Soviet Jewish Woman Reported Allowed to Go to Israel to Donate Bone Marrow to Leukemia-stricken Brot

Inessa Flurova, a Soviet Jewish woman who has been seeking an exit visa to Israel since March to enable her to donate bone marrow to her leukemia-stricken brother in Israel, has been reportedly allowed to leave the Soviet Union.

Her brother, Michael Shirman, told reporters here Thursday that he expects his sister to arrive in Israel early next month. He said he expects treatments to take place immediately thereafter.

Flurova; a 37-year-old sociologist, has been holding a hunger strike for almost a week to pressure the Soviet authorities to issue an exit visa for her, her husband and their two small children.

Shirman, who emigrated with their mother to Israel in 1980, has been undergoing treatment for leukemia in Rehovot’s Kaplan Hospital, where his doctors concluded that he needed a suitable match for a bone marrow transplant. His doctors said his mother’s bone marrow was incompatible and that there was a 25 percent chance that the sister’s marrow would be suitable.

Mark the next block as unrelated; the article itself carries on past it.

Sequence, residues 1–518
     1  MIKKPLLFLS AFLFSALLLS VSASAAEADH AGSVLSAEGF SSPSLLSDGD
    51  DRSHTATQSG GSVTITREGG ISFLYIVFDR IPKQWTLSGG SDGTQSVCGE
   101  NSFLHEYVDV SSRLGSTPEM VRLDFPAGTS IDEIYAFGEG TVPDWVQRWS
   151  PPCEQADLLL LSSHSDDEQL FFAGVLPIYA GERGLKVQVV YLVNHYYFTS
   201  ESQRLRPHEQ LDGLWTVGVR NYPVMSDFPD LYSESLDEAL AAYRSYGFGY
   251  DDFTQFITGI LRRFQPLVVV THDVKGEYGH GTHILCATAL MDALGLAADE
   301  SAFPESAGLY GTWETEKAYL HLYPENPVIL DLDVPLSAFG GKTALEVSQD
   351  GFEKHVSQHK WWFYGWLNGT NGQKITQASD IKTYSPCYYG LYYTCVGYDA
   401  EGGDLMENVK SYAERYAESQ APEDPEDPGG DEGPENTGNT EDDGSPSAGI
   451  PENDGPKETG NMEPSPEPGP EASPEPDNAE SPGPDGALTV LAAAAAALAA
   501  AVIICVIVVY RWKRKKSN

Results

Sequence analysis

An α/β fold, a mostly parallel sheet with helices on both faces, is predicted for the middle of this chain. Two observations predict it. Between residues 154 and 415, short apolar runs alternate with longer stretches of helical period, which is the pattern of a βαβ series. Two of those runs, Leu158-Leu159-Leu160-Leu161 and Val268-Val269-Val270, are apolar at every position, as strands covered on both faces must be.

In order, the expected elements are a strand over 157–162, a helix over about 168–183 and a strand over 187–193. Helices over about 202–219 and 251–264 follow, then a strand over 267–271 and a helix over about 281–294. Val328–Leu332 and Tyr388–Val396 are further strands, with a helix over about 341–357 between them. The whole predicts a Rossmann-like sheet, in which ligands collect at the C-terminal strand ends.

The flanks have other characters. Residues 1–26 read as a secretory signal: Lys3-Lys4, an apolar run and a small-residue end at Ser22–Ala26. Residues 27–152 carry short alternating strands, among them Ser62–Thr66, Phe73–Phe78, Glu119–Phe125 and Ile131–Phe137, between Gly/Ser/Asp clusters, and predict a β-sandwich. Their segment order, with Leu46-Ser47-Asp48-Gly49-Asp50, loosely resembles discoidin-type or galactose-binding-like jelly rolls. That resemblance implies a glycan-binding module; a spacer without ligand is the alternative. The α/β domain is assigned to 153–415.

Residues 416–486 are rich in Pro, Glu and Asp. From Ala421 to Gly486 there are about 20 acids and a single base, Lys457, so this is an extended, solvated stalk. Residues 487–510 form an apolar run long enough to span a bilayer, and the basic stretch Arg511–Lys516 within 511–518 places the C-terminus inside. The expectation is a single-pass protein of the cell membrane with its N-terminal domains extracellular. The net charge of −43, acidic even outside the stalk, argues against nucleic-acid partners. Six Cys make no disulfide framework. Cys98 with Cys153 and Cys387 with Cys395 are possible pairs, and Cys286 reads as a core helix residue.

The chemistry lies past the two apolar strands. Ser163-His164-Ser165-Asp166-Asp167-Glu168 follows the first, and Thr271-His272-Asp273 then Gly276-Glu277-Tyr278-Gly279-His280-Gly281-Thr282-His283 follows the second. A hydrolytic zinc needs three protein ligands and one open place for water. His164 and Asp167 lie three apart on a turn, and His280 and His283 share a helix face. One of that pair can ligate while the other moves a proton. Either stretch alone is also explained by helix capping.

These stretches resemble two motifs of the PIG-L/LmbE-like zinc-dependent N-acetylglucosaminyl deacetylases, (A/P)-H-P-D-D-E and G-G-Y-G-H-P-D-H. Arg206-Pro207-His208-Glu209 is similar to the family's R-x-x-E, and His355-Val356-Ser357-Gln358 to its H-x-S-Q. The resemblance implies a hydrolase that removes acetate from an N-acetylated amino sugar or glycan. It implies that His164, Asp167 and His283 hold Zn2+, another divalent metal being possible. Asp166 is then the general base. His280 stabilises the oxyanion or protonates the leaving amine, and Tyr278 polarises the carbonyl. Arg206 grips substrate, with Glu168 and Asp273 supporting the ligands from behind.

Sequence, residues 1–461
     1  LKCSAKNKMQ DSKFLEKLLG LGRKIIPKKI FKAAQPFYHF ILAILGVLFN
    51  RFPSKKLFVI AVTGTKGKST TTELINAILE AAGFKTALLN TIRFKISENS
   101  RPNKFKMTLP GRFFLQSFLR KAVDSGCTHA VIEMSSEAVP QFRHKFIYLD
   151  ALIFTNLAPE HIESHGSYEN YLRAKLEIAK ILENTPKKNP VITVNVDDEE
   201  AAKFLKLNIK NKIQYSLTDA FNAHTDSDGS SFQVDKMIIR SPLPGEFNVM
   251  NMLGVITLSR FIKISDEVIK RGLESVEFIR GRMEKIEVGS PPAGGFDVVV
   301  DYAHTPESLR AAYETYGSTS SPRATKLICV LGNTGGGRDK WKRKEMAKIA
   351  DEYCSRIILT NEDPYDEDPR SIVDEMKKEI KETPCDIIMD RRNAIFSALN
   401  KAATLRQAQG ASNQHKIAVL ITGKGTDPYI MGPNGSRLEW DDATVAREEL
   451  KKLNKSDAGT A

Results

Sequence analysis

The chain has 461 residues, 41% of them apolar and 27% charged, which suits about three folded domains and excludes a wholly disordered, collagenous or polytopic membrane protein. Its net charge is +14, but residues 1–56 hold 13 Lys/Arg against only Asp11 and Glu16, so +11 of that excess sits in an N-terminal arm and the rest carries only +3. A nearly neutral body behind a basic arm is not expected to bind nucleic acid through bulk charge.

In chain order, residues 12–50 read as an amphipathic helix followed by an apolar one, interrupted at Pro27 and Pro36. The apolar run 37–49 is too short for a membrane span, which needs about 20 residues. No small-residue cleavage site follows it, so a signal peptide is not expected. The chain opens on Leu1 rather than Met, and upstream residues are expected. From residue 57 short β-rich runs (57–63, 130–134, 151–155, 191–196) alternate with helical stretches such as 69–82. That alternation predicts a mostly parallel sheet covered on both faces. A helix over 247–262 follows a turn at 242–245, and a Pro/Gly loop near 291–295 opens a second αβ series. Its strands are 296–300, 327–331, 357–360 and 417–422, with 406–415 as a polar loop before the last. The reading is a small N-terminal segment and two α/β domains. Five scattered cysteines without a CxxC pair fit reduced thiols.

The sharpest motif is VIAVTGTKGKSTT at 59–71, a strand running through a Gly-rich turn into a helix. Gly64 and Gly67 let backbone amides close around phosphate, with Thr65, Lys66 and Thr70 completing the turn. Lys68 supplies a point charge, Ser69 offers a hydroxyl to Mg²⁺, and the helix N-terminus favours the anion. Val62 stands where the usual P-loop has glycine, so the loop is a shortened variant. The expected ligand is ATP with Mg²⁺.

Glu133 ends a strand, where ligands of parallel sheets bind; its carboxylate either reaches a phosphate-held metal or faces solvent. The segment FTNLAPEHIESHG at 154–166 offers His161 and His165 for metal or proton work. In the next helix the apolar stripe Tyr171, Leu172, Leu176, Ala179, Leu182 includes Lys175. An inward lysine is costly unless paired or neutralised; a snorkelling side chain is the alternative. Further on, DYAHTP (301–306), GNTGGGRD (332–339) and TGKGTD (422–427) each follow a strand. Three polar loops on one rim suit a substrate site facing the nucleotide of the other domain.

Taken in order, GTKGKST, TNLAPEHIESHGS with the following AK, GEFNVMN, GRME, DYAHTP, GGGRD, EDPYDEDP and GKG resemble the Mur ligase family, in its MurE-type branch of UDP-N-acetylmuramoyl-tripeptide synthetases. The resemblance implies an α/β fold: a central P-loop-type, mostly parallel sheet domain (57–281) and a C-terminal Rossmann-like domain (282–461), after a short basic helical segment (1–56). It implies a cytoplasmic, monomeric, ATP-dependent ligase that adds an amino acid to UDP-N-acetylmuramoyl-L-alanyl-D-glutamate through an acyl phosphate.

Since Flurova applied for a visa, her request was aupplemented by a plea from Dr. Robert Gale, the bone-marrow expert from California who assisted in the treatment of victims of the Chernobyl nuclear disaster.

In March, Flurova asked for a travel visa to Israel with her husband Victor and their children. But the authorities claimed a temporary visa would be impossible since the Soviet Union and Israel have no diplomatic relations. In June she was asked by the authorities if she would consider going to Israel by herself. She refused. Shirman said Thursday that the entire family of his sister was allowed to leave for Israel.

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